Last night I went to a BBQ with the think tank staff commemorating the work of an employee about to go on leave. We ate hamburgers, talked baseball, watched the children play on mechanical toy cars and joked about work. I went off to Andy's to watch the huge loss of Edmonton against The Mighty Ducks. There was a great goal by Laraque, who was excited enough by it to jump into the glass but the Oiler's lost. Well, the Sharks drowned in oil, the ducks will too!

Today I had the pleasure of another Food for Thought lecture at the think tank. Dr. Leslie Pal led an interesting discussion about the Internet and how it's governed. It got me thinking about the Internet as a place where new laws will need to be created to control it, to make it like property. I wonder: in twenty years will their be a tax on your Internet property? Did you know that ICANN, the non-profit group responsible for assigning every domain name -the .net's and .com's, including this one was thinking of creating a new domain: .xxx? Take a wild guess what kind of content would be hosted by this tag. I'll give you a clue: the Internet is rife with it, and it makes things very hard for some people. Unfortunately because of Christian fundamentalist pressure, the government imposed and the .xxx's domain ascription will not be created.

So it was an interesting week. All afternoon I studied the benefits and features of a Smart car. I've heard people complain that they wouldn't want to drive one because if it crashed, it would be demolished, but actually, the shape, and the fact that the thing has a protective "tridion" which absorbs shock and relegates it to the tires. They are quite economical little cuties that will fit into any parking space -as long as it's at least 2.5 metres wide.

When I went home from work I turned on my phone and was happy to find messages for me. All the interviews and no results was getting me down. I thought all the things people say at the end of interviews like "it was great to get a chance to talk to you" were hollow, polite attempts to let me down easy. However, my faith in humanity was renewed by one of the messages being from an interviewer explaining simply that a decision about the position wasn't yet made but that they'll keep me updated. That was impressive business communications courtesy.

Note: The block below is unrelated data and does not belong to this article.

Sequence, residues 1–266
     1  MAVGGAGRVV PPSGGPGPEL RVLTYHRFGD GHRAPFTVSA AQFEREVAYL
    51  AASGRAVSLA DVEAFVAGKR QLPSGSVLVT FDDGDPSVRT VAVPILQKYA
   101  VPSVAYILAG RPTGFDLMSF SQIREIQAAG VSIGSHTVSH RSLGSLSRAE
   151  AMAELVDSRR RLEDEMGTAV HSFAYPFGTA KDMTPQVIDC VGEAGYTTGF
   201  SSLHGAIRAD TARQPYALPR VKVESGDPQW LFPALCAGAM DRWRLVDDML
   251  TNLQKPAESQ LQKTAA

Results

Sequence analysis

I thought more about the importance of innovation and creativity in life. When you are creating something, you feel like you have a sense of direction. I went to an IABC event yesterday on creativity and the lady who led the session had some great tips. Her keys to creativity were to simply start -once you start something, you get the ball rolling. That's the hardest part. The other key has to do with seeing -seeing the world in new ways and approaching problems from every angle, never taking anything for granted. She highlighted that it's important to make mistakes. Sometimes mistakes end up being strokes of genius. I impressed myself by recording a song I wrote about half a year ago. The song was starting to get stal but after I transposed it from guitar to accordion and played it with soul, adding digital delay to my drum track, it became a completely new song! All it took was the curiosity to try it in a new medium and not taking the song as is for granted. Sometimes even just asking the question "why am I doing this?" can have a huge impact on the outcome.

So going into the next week, I encourage you to make and break connections. Learn by unlearning the things you take for granted and look at things in new ways. And keep busy!

Personal Diegesis


Blogger Prmod Bafna said...

Hey! dropped by to say hi! you sure had quite the week!! wish i was doing so many things too :p i'm almost jobless now.. what with the exams getting over.. heh!

9:06 a.m.  
Blogger Maddy said...

mistake truly can be strokes
of genius in disguise of course -

and i just love smart cars-
toooo cute!!!


10:03 a.m.  
Blogger mistipurple said...

hope your dad's knees' better now.

and "learn by unlearning.. and looking at things in a new way" sounds like a plan to me. thanks.

12:47 p.m.  
Blogger iamnasra said...

Well you seem very bussy upthere..With you dad and all.Well I was hoping you will get the writing job...Oh well better luck in your other interview

2:06 p.m.  
Blogger Jason said...

I will need as many tricks as possible to understand the crap I'm studying for. My exam is on Tuesday.

10:39 p.m.  
Blogger sirbarrett said...

prmod bafna -Jobless? That makes two of us. Well study hard and do well young man. The key to a good job is good education and ambition.

maddy -I know nothing of cars but those get me excited, especially the hybrids. They are also insanely affordable compared to new cars. The fortwo starts at just $17,900!!! (Not that I could ever afford one)

mistipurple -The knee is not so good. He's walking with a cane but it's a bit of a nuissance considering his livelihood is remaining on his feet. He'll get better though. In the meantime, I'm the one who gets to carry the feedbags and maintain order.

iamnasra -Thanks. I can always use luck...and perhaps to know someone who knows someone.

jason -Yes, tricks are important. When I studied if it was conceptual material I would read a chapter than do a stream of consciousness on paper of everything that I remembered as it came to mind. Also: make up acronymns for EVERYTHING. If you need to remember chronology or lists of things that is key. We will get you rocking that exam yet.

11:10 p.m.  
Anonymous Adorable Girlfriend said...

De-horning became a public health law in 1976 in the US. The reason is so that if the animals fight or bump into each other, blood won't be shed. Apparently, the horns are quite stiff. When did Canada begin de-horning?

I am always intrigued by agricultural and public health laws and how each country addresses them.


10:15 a.m.  
Blogger Vesper said...

your life is very fucking interesting!

good luck with getting a rad position!

9:53 p.m.  
Blogger BarbaraFromCalifornia said...

All the best of luck.

Making mistakes is part of what makes us grow.

I love the idea of learning to unlearn.

Have a good week.

7:17 a.m.  
Anonymous Anonymous said...

hope your dad gets better soon!

i like the way you think.
hopefully i'll get to meet u sooner rather than later.

12:31 p.m.  
Blogger J said...

You left us hanging on the chef job. Post an update. Or did you already, and perhaps I missed it?

12:54 p.m.